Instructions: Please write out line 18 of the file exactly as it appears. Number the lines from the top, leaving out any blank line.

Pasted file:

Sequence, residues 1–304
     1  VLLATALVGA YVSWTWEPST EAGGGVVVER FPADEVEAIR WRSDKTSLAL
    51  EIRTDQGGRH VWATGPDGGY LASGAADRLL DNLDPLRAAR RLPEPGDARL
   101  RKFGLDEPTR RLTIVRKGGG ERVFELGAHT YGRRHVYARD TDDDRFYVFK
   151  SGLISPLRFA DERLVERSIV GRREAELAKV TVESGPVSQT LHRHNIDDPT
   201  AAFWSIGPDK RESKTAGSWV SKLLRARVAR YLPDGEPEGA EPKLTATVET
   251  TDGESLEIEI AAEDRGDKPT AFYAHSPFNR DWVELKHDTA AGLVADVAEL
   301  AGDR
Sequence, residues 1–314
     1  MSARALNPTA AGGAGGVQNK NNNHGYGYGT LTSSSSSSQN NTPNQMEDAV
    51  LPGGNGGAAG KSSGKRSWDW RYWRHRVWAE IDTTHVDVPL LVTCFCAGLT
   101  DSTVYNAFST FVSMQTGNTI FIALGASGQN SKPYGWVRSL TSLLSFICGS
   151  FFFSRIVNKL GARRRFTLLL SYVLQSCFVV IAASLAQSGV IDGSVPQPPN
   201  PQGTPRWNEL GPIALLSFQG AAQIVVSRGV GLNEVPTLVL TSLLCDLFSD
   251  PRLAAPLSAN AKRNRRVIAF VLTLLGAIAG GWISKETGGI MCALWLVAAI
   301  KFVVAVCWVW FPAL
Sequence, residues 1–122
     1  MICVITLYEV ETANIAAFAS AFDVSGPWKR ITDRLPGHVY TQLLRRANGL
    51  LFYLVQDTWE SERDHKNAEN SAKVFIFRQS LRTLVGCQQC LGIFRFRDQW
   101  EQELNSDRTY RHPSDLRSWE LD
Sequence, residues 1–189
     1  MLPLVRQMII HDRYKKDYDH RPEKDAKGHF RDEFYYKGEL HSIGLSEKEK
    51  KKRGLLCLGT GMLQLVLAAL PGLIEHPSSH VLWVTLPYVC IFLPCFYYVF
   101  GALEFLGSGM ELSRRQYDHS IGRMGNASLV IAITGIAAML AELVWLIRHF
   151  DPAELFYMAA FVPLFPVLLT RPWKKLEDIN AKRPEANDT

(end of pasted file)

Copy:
     1  MICVITLYEV ETANIAAFAS AFDVSGPWKR ITDRLPGHVY TQLLRRANGL